For benchmarks, I only used Geekbench, since that’s all that’s natively supported on ARM. Unfortunately, it doesn’t paint a full picture. Geekbench tests are for the CPU, but Qualcomm’s SoCs are a lot more than that, including the Adreno graphics and the DSP, which combine for the AI Engine.
|Samsung Galaxy Book Go|
Snapdragon 7c Gen 2
|Microsoft Surface Go|
Pentium Gold 4415Y
|Huawei MateBook E|
|Lenovo ThinkPad X1 Fold|
|Samsung Galaxy Book S|
|Geekbench||561 / 1,626||401 / 909||494 / 2,045||510 / 1,727||726 / 2,909|
Battery life is fine, but it doesn’t live up to what I expect from Windows on ARM. After all, that’s supposed to be one of the key value props. I only got about six hours of real-world usage. Sometimes it was a bit better, but with a full-sized laptop, I expected more. For example, the Lenovo Flex 5G got over 12 hours for me.
Conclusion: Should you buy the Samsung Galaxy Book Go?Now for the big question. Should you buy it? The answer is, it depends. It all depends on how much you’re willing to spend on a laptop. When people ask me for laptop recommendations, my first question is what their budget is. Sometimes they say something crazy like $200. Others are more reasonable, and like I said earlier, I normally don’t recommend anything that costs under $500. But if $349 is what you’re looking to spend, the Samsung Galaxy Book Go would be my pick.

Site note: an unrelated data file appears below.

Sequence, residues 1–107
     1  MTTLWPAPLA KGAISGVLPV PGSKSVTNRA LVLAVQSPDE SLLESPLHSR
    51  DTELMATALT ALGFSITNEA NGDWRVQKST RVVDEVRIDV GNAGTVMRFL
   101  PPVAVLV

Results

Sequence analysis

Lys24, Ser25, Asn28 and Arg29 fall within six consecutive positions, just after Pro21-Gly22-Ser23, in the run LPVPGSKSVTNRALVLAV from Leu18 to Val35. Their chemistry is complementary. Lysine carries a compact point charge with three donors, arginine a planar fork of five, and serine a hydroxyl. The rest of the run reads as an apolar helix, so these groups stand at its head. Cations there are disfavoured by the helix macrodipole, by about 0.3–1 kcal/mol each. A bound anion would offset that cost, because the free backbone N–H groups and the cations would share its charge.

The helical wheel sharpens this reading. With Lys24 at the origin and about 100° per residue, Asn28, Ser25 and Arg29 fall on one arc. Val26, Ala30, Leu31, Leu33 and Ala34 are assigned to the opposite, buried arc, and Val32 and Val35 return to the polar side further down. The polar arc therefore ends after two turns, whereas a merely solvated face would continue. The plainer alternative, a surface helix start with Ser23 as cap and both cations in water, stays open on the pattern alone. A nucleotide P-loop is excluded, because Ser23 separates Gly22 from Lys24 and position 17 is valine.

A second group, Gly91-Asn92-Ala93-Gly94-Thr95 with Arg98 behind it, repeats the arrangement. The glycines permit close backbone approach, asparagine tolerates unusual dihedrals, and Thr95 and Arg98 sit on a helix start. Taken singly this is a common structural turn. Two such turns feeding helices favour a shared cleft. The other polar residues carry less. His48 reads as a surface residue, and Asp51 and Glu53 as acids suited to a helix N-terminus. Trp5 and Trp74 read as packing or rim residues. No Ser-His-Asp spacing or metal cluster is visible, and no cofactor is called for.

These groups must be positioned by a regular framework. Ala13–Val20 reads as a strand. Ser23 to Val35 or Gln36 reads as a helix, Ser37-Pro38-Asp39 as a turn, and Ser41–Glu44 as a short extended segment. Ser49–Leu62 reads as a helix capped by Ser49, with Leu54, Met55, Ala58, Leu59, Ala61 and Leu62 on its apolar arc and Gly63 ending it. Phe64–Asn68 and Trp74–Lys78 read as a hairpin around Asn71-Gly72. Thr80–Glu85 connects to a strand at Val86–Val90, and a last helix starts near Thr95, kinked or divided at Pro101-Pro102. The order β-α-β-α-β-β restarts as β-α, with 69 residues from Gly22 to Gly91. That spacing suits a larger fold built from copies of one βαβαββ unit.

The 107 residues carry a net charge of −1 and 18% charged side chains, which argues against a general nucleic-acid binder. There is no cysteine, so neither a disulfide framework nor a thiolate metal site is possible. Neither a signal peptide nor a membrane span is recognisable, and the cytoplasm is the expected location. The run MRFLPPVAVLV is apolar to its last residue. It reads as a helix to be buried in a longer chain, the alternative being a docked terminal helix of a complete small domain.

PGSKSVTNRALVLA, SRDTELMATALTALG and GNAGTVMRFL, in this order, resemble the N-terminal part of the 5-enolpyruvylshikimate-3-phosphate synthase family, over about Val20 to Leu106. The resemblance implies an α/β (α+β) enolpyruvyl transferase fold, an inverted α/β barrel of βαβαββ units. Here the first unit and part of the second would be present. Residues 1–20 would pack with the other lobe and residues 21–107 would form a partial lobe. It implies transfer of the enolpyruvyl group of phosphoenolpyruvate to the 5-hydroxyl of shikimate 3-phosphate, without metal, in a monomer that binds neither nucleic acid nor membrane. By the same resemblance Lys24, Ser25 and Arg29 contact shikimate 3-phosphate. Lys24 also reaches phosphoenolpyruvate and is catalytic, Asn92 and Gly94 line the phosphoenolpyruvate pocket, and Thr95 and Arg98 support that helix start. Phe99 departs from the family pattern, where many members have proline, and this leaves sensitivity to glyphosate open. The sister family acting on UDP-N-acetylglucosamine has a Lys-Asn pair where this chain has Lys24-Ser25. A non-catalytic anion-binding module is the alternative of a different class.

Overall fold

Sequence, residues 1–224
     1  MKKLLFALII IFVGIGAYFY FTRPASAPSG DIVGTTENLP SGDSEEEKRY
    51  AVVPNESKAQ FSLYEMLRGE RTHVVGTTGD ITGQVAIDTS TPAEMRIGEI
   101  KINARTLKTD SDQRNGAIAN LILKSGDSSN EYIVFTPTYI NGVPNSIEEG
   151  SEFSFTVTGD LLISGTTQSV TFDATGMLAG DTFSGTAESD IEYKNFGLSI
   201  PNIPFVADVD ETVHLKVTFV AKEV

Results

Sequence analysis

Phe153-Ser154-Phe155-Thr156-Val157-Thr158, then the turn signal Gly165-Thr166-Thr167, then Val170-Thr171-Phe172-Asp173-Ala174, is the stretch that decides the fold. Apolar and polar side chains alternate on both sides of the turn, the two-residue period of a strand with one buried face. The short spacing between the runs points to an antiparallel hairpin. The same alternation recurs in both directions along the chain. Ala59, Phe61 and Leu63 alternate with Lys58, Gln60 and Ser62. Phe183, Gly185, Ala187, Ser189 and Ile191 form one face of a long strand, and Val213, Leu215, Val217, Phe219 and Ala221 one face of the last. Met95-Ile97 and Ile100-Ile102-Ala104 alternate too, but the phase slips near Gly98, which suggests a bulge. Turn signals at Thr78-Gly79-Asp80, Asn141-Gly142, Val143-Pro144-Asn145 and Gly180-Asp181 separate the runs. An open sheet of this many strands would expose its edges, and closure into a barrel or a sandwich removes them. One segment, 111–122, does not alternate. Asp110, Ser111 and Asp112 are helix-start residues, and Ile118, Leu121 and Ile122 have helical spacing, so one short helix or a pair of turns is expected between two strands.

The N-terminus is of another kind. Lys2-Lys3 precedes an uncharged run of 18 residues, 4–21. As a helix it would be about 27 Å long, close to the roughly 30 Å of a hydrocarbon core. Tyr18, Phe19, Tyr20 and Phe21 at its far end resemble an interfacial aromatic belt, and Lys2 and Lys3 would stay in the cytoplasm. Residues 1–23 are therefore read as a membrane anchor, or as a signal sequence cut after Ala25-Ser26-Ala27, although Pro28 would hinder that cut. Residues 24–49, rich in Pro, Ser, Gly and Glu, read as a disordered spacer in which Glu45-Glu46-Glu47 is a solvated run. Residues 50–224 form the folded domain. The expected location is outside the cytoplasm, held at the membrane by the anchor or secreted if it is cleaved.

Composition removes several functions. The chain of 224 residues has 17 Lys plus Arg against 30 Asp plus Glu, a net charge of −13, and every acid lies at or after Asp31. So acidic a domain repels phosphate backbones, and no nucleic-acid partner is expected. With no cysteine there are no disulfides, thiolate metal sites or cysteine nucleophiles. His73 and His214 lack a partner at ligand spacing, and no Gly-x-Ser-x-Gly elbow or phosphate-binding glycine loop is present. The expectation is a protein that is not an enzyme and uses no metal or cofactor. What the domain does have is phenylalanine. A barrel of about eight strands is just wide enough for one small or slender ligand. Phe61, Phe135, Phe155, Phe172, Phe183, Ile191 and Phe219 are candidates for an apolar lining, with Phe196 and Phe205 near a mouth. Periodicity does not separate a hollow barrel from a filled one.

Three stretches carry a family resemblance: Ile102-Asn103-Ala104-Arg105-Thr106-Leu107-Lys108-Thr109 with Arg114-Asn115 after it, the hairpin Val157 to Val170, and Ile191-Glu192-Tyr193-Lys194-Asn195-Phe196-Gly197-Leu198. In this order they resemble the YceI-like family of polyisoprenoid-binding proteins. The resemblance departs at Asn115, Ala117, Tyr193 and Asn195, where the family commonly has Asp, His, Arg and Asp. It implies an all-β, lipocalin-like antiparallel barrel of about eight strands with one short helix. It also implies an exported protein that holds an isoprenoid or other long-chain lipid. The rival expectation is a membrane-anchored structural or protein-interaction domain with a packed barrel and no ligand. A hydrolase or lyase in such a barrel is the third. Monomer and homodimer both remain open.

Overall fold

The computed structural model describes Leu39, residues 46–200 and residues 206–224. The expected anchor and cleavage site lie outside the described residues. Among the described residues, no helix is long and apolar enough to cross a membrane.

There’s just a lot of value here, and it feels so premium. When I first took it out of the box, I actually said “wow” out loud, because I totally didn’t expect what I got. The build feels great, and that’s made possible by the Snapdragon chip.
It’s not perfect, of course. The display isn’t great, but again, this price point doesn’t get you a great display. The bigger issue is it only has 4GB RAM. To put it simply, you’ll need more, but of course, that means paying more.
All around, the Samsung Galaxy Book Go is a phenomenal value. It’s got a design that’s unheard of for the price, and the overall experience is pretty good.